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The Forgotten Mystery Sci-Fi Series You Can Binge On Hulu

In the same way that Martin Scorsese will forever be associated with mobster films like his recent "The Irishman," or Zack Snyder with moody superhero flicks like his reedited "Justice League," director M. Night Shyamalan is synonymous with plot twist-laden speculative fiction. Shyamalan first made a name for himself in what remains his best work, "The Sixth Sense," about a boy who can see and talk to ghosts. Not only was the film acclaimed for its execution of its supernatural premise, but also for a late-movie bombshell that reshaped much of what had happened in the rest of the story.

Shyamalan's career has had its ups and downs since then. For example, "Split," released in 2016, received enough critical acclaim for a "certified fresh" rating on Rotten Tomatoes. However, before he was recognized for his work on "Split," Shyamalan helmed the widely-panned "Lady in the Water."

While Shyamalan has typically worked as a director of feature films, recent years have seen him transition into a TV production role. Starting in 2019, Shyamalan produced the horror TV series "Servant," which aired as an original series on the Apple TV+ streaming service. Before that, Shyamalan served as the producer of a science fiction mystery series that interested viewers can watch now on Hulu in its entirety.

Small town secrets exist in Wayward Pines

The M. Night Shyamalan-produced "Wayward Pines" follows a Secret Service agent named Ethan Burke (Matt Dillon), who is sent to a small Idaho town. Two of his fellow agents previously disappeared after they were sent to Wayward Pines before him, so his visit is predicated upon investigating their disappearances. While there, however, he discovers that Wayward Pines is, in typical Shyamalan fashion, stranger than it appears at first glance. His investigation soon encompasses the very nature of the titular small town.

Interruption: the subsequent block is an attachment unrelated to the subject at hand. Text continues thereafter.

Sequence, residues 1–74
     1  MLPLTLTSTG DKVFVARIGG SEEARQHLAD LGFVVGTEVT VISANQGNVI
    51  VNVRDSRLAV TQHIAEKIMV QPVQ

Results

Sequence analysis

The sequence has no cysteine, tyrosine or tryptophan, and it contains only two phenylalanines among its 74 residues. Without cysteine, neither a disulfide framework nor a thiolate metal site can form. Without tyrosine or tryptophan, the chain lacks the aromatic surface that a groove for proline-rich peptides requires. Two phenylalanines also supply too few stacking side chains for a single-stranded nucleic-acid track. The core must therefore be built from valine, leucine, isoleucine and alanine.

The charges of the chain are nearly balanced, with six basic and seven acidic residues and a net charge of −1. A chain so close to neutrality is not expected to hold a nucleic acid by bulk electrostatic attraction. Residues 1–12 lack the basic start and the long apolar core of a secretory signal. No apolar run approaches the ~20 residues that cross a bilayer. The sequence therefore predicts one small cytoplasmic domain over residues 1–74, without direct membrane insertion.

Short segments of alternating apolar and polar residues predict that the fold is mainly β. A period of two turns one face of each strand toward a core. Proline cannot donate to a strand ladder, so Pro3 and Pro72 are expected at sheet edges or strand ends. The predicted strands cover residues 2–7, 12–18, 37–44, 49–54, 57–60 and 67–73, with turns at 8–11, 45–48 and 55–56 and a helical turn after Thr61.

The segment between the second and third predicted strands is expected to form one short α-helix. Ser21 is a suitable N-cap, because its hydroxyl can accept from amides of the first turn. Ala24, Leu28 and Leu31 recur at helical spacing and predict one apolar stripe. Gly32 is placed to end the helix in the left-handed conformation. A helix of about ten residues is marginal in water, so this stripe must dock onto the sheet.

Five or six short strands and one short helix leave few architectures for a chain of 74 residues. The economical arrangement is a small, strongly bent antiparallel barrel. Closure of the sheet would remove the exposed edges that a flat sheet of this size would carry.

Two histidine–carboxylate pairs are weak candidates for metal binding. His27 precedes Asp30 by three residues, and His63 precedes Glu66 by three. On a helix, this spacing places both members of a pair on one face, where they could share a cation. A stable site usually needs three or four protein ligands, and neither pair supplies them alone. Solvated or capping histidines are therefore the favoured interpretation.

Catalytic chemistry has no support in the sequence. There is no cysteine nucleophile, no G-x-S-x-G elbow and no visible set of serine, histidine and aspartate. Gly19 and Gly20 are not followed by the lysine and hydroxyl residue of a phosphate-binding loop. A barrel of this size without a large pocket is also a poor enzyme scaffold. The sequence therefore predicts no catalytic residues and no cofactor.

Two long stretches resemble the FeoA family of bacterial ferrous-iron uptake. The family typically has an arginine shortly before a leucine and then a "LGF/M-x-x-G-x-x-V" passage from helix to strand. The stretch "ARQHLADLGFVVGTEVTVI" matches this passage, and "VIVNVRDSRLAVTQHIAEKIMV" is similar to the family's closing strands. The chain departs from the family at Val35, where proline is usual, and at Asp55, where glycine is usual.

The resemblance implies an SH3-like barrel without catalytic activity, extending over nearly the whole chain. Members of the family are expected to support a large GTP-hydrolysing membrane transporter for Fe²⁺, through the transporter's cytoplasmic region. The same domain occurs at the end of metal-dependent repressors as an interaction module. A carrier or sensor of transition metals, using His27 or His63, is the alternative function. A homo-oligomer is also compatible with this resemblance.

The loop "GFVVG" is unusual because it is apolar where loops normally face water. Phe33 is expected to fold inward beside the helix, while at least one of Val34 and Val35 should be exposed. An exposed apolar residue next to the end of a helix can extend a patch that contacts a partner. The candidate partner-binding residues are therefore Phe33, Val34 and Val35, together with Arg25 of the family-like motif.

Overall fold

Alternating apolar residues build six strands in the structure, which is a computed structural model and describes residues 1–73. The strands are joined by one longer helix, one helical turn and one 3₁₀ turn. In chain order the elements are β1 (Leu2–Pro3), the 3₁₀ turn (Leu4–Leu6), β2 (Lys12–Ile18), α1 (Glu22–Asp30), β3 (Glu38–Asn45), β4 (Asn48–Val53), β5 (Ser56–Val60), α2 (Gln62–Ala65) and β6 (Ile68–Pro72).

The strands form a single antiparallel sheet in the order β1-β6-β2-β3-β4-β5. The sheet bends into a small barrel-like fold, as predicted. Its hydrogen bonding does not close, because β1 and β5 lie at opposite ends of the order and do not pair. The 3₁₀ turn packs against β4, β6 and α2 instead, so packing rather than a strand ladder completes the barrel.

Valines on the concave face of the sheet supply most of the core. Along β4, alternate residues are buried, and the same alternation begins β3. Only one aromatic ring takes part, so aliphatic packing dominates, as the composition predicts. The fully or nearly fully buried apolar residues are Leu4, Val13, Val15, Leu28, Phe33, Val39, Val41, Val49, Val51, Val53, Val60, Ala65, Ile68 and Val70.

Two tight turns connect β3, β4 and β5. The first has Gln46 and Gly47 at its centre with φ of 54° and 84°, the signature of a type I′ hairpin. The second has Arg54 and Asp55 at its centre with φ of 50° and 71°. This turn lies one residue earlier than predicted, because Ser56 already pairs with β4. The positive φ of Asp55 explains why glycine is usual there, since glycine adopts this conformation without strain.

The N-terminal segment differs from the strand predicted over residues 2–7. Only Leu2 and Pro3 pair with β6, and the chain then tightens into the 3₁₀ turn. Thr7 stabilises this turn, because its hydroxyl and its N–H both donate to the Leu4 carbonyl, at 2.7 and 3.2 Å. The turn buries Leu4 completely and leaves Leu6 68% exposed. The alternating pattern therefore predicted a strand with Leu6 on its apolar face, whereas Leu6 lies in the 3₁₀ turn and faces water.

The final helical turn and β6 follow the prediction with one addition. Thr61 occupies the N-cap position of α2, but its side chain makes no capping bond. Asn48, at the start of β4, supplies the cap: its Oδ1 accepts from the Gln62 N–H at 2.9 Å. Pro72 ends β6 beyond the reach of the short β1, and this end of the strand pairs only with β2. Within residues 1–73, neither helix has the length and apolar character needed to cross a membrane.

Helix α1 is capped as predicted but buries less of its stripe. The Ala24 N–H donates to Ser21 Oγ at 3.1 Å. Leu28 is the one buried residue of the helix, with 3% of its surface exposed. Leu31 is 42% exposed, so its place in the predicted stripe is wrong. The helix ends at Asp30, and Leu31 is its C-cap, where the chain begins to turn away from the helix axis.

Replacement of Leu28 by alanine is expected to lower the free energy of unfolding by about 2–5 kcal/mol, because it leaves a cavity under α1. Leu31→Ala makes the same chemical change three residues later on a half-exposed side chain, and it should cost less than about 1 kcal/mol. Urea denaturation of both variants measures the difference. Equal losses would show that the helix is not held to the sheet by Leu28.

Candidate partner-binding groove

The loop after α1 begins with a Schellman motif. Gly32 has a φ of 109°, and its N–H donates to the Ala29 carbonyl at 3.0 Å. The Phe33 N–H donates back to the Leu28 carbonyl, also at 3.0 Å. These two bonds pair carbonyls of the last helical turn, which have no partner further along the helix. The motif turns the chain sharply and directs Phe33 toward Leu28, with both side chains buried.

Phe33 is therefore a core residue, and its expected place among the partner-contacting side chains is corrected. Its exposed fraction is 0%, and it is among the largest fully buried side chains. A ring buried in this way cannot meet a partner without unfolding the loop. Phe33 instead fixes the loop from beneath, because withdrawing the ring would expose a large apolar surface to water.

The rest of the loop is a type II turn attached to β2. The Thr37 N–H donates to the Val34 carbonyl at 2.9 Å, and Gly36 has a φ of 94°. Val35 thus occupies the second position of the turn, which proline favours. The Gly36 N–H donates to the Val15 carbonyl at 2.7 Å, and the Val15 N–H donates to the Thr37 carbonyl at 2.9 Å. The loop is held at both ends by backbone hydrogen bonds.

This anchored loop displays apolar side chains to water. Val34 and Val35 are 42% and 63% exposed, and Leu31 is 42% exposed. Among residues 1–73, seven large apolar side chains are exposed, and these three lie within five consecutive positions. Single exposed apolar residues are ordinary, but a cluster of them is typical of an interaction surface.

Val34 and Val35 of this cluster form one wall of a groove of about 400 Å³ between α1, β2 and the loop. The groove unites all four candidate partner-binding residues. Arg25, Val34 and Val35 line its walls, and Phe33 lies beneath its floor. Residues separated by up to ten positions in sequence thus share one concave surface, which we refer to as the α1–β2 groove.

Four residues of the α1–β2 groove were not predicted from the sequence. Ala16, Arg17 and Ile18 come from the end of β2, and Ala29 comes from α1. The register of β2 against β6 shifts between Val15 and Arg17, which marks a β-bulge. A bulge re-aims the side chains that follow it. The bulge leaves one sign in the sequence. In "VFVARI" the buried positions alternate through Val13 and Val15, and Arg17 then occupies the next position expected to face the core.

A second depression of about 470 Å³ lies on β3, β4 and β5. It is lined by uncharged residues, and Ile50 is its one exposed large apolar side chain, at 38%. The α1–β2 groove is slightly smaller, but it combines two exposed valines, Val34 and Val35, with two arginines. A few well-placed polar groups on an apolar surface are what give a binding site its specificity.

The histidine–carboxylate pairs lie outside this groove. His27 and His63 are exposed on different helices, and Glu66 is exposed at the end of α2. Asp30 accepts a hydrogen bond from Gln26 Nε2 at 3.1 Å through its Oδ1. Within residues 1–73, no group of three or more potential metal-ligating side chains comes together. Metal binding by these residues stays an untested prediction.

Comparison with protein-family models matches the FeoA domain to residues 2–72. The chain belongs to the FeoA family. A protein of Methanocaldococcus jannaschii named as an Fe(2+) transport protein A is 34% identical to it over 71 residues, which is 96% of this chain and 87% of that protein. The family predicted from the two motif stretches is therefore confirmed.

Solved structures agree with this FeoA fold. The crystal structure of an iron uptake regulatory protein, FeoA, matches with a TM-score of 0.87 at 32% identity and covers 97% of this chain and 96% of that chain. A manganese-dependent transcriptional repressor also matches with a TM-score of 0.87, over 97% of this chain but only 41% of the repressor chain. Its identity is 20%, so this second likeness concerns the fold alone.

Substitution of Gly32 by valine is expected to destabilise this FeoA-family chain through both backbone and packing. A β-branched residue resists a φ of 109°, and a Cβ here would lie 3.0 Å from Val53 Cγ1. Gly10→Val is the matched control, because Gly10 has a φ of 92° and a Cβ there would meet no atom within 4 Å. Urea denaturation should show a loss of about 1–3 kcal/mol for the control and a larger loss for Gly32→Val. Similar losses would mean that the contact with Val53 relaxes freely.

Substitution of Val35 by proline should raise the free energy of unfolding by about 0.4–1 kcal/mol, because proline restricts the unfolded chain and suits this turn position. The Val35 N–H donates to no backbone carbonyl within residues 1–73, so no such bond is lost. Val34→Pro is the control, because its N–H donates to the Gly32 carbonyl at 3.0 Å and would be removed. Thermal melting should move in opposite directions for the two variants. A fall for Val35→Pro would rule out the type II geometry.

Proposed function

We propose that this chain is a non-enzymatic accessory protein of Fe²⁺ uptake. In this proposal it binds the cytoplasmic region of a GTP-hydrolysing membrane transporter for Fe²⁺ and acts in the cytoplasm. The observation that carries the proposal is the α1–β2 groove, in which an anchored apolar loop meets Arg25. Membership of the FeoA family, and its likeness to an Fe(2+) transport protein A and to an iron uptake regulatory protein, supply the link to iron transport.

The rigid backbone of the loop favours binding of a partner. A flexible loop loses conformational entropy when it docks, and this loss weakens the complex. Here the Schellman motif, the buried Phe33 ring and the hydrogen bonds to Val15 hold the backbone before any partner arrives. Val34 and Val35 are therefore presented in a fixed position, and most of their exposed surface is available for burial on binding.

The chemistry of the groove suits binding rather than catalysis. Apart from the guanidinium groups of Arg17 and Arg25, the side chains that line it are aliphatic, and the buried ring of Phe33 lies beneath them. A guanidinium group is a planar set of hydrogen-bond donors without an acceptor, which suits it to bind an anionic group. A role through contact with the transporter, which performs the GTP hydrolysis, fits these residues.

If that premise sounds familiar, that's because it resembles that of "Twin Peaks," from which the series draws some stylistic inspiration. Its source material, however, is a series of books by science fiction author Blake Crouch. However, while the first season follows the books closely, its second season picks up after the final book ends. This entirely original season was its last, as the series was canceled in 2018. Since then, "Wayward Pines" and its short run have remained something of a curiosity, lacking the big-name recognition of "Twin Peaks," "Lost," and other such surreal blockbuster series.

"Wayward Pines" contains a grab bag of influences. Fans of Shyamalan's previous film work, "Twin Peaks," and horror fiction should find familiar ground in the series. All 20 episodes of its two seasons are currently streaming on Hulu.